Galapagos removal from endangered list `premature`: Body

A body which gives conservation advice to UNESCO on Thursday criticized the removal of the Galapagos islands from the UN agency`s list of endangered world heritage, calling it hasty.

Brasilia: A body which gives conservation advice to UNESCO on Thursday criticized the removal of the Galapagos islands from the UN agency`s list of endangered world heritage, calling it hasty.

"The removal of this unique site of global importance to humanity is somewhat premature," the head of the International Union for the Conservation of Nature, Julia Marton-Lefevre, said.

"Threats from tourism, invasive species and overfishing are still factors and the situation in the Galapagos remains critical," added Tim Badman, who heads the IUCN`s World Heritage Program.

The IUCN gives official advice to UNESCO`s World Heritage Committee, which in a meeting in Brasilia on Wednesday decided to strike Galapagos from its endangered sites list, on which it was entered in 2007.

The move, made at Brazil`s request, was meant to reflect the progress the Ecuadoran government had made in protecting its archipelago, which was made famous by evolution theorist Charles Darwin who studied its fauna in 1835.

The committee voted 14 to five to remove the islands from the list, with one abstention, according to the Brazilian culture ministry which presided over the meeting.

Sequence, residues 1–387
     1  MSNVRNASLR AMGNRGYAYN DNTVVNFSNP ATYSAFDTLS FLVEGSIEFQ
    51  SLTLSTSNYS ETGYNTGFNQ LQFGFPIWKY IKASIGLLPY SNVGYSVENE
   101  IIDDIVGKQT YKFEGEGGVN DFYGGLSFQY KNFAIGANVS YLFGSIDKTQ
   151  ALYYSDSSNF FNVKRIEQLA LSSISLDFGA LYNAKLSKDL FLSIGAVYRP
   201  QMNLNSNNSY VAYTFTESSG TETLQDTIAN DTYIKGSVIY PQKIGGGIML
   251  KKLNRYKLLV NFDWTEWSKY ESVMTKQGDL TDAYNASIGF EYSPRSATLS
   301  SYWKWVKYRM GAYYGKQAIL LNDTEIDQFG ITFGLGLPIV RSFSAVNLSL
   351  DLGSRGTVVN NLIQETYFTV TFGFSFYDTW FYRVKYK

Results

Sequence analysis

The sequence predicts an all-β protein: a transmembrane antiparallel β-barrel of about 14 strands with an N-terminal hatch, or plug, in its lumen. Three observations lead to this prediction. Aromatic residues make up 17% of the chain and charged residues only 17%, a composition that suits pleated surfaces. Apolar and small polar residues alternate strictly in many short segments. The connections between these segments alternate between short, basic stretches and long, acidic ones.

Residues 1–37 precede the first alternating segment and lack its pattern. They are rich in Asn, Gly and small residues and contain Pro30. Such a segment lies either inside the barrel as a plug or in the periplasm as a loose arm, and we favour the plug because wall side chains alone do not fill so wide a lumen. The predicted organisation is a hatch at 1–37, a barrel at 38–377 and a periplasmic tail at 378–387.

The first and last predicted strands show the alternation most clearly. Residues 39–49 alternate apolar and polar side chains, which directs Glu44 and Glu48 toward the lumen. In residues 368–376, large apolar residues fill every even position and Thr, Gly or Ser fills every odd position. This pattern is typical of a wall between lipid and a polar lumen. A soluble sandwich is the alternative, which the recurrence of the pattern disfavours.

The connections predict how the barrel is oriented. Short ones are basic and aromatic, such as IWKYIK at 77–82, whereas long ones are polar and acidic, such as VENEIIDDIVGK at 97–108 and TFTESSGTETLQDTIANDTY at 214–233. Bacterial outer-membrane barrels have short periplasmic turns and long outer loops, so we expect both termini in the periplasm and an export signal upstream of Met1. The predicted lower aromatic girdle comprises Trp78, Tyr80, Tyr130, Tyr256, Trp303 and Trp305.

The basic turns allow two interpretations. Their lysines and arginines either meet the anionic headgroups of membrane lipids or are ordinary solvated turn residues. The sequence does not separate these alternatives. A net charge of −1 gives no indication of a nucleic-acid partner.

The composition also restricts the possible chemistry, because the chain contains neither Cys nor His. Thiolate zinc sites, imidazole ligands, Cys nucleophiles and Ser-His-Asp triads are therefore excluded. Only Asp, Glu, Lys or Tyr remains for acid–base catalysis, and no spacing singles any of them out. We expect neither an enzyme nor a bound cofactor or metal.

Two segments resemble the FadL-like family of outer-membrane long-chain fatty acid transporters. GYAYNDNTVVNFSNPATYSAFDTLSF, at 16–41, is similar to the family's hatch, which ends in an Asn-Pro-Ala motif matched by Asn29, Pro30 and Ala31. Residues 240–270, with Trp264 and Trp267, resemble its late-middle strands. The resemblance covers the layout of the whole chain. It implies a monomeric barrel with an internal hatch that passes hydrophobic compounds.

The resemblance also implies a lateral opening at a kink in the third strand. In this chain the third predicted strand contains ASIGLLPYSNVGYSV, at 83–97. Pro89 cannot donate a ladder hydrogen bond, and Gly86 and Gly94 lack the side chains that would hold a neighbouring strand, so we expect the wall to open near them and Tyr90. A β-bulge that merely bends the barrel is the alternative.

Badman said that, while "we recognize the major efforts of the Ecuadoran government to rectify the situation there.. IUCN`s recommendation for the Galapagos was that it should not be removed from the Danger List as there is work still to be done."

Located 1,000 kilometers (620 miles) west of Ecuador`s coast, the Galapagos archipelago of 19 islands and more than 100 islets and rocky outcrops has been a UNESCO World Heritage Site since 1978 for the rich plant and animal life found both on its land and in the surrounding sea.

In 2007, the organization declared the island chain`s environment endangered due to the increase of tourism and the introduction of invasive species.
Some 10,000 people, mostly fishermen, live on the volcanic archipelago, which rose from the Pacific seabed 10 million years ago and became famous when Darwin visited to conduct research in 1835.

The United Nations Educational, Scientific and Cultural Organization`s List of World Heritage in Danger includes 31 cultural or natural sites around the globe at imminent risk of degradation or destruction.
The 34th annual meeting of the World Heritage Committee this year is taking place in the Brazilian capital from July 25 to August 3.

Bureau Report

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